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Water Project Funding in Florida

Water Project Funding in Florida


aerial photo of Emerald Coast Utility Authority’s Central Water Reclamation FacilityIf you're interested in financial assistance for a wastewater, stormwater, drinking water, or surface water improvement project, you'll find information on available money, basic program requirements and whom to talk to in DEP's "Water Resource Funding in Florida" brochure. You will also find more detailed information on DEP's various water-related funding programs at the following links:

  • Low interest State Revolving Fund (SRF) loans for wastewater, stormwater and drinking water. Loans at significantly discounted interest rates are available to fund both construction and pre-construction (planning, design) activities. The SRF is by far DEP's largest funding program and makes $200-300 million or more available, primarily to local governments, each year.

  • Disadvantaged Small Community wastewater grants for wastewater management infrastructure for municipalities with fewer than 10,000 people and per capita incomes less than the state average as of the most recent decennial Census. Local matching funds are required. The amount of available funding depends on the repayment stream from SRF loans and additional legislative appropriations, if any.

  • Federal section 319(h) grants for stormwater retrofit projects and stormwater best management practices in priority watersheds. Local matching funds or in-kind contributions are required. Approximately $7-8 million is available each year depending on federal appropriations.

  • Total Maximum Daily Load (TMDL) funding primarily for stormwater retrofit projects, is targeted to surface waters that have been identified as "impaired" (not meeting water quality standards) through DEP's  TMDL program.  The amount of financial assistance each year varies depending on legislative appropriations and may not be available every year.

  • Legislative water project appropriations (member projects or "Community Budget Issue Requests (CBIR)") for wastewater, stormwater, surface water improvement, drinking water, and other water-related projects. The Florida Legislature sometimes implements this funding process during its annual legislative session. The legislature may coordinate review of projects with DEP. Even when the Legislature does not announce a formal process, it may include individual water projects in the budget. You are advised to contact your local legislative delegation if you are interested in legislative budget support. DEP does not have any additional information on legislative funding in 2013.  

  • Alternative water supply funding for the construction of alternative water supply projects, including funding for desalination, development of brackish surface and groundwater supplies, surface water capture, new storage capacity (such as aquifer storage and recovery wells) , reclaimed (reuse) projects, downstream augmentation of water bodies with reclaimed water, and other nontraditional water supply sources in a given area. Your regional Water Management District may have funds available for this purpose, so consult that office for funding criteria and other details. While the Legislature has supported these projects in the past, alternative water supply funding at the state level has not been appropriated since FY 2008-09.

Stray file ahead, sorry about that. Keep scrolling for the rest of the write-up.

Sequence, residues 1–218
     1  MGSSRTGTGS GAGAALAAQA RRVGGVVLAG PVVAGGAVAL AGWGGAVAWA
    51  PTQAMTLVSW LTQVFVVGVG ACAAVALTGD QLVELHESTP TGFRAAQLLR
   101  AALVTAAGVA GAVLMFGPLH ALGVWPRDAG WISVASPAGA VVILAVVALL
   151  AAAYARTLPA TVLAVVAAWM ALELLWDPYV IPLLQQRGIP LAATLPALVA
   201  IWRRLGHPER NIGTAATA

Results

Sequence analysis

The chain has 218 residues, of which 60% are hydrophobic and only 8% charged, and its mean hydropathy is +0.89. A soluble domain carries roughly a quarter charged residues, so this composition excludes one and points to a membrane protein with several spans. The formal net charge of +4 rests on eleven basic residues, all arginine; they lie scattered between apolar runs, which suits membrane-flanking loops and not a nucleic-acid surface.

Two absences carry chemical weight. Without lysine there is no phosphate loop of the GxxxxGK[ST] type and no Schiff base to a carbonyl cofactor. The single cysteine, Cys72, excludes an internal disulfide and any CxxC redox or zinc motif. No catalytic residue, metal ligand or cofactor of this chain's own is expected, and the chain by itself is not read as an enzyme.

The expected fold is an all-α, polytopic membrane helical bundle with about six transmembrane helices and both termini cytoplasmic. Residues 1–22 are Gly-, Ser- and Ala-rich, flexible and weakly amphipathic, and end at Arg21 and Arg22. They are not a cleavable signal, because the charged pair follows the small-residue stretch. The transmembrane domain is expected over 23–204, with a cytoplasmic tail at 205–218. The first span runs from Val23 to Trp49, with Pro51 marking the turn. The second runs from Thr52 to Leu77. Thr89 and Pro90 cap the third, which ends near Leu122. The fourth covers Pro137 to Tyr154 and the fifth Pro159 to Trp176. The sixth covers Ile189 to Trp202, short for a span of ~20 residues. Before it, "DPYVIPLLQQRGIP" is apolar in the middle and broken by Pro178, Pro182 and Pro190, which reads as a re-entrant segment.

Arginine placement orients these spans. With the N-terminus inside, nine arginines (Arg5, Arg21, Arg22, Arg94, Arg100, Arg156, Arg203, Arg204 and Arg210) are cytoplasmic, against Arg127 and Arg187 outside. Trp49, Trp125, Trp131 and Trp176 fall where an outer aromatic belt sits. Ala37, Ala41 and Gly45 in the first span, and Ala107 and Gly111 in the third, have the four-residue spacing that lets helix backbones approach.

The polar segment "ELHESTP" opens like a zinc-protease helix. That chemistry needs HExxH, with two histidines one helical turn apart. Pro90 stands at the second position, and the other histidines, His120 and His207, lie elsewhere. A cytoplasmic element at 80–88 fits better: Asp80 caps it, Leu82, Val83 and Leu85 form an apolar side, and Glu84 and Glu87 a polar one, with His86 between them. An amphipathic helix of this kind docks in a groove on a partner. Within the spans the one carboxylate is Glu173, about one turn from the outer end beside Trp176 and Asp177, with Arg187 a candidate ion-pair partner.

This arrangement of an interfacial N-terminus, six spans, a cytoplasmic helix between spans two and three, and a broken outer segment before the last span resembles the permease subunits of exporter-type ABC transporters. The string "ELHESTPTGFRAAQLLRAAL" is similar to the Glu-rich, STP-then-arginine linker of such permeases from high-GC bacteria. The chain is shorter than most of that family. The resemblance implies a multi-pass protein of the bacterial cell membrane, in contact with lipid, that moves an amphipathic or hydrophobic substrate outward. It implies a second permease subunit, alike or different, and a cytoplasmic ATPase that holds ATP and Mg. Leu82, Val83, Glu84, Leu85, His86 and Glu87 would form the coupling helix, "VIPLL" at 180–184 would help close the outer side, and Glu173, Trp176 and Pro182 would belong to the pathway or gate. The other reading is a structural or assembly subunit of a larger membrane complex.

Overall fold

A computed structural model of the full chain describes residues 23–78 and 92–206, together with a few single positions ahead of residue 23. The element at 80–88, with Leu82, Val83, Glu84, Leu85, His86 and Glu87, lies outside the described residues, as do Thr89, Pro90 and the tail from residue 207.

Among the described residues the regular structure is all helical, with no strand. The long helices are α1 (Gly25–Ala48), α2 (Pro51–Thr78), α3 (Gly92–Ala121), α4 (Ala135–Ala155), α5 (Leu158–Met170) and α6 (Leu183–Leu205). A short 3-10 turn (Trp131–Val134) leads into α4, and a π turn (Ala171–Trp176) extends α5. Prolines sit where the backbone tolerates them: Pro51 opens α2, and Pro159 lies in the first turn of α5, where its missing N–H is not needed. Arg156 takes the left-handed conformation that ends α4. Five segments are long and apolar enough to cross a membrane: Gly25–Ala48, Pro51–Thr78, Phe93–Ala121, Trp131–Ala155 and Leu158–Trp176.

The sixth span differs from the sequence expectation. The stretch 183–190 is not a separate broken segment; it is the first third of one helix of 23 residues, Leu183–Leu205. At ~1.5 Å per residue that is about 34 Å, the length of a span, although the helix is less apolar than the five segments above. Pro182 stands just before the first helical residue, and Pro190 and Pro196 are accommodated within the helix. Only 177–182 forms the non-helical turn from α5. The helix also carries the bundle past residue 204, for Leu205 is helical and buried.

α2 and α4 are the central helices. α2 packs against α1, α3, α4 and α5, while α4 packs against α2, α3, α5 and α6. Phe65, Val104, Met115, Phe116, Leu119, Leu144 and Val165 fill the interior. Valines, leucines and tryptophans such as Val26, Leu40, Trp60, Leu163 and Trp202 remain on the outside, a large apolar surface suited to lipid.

• Surface Water Improvement & Management (SWIM) funds for the implementation of Water Management District plans and programs to improve, restore and manage priority surface waters within their boundaries. Funds may be made available to local governments. Each district maintains a separate list of priority waterbodies. Funding for the SWIM program may be made available through state appropriations, although no such appropriations have been forthcoming in recent years. Other funding may come from district ad valorem revenues, so consult your Water Management District for funding criteria and other details.

  • Beach funding to implement beach restoration and nourishment activities, project design and engineering studies, environmental studies and monitoring, inlet management planning, inlet sand transfer, dune restoration and protection activities, and other beach erosion prevention related activities consistent with the adopted Strategic Beach Management Plan. Projects typically are funded by DEP in partnership with local governments and the U.S. Army Corps of Engineers. Annual funding varies from year to year. The legislature may consider additional legislative appropriations in response to hurricanes and other storms that exacerbate coastal erosion.

Last updated: June 30, 2015

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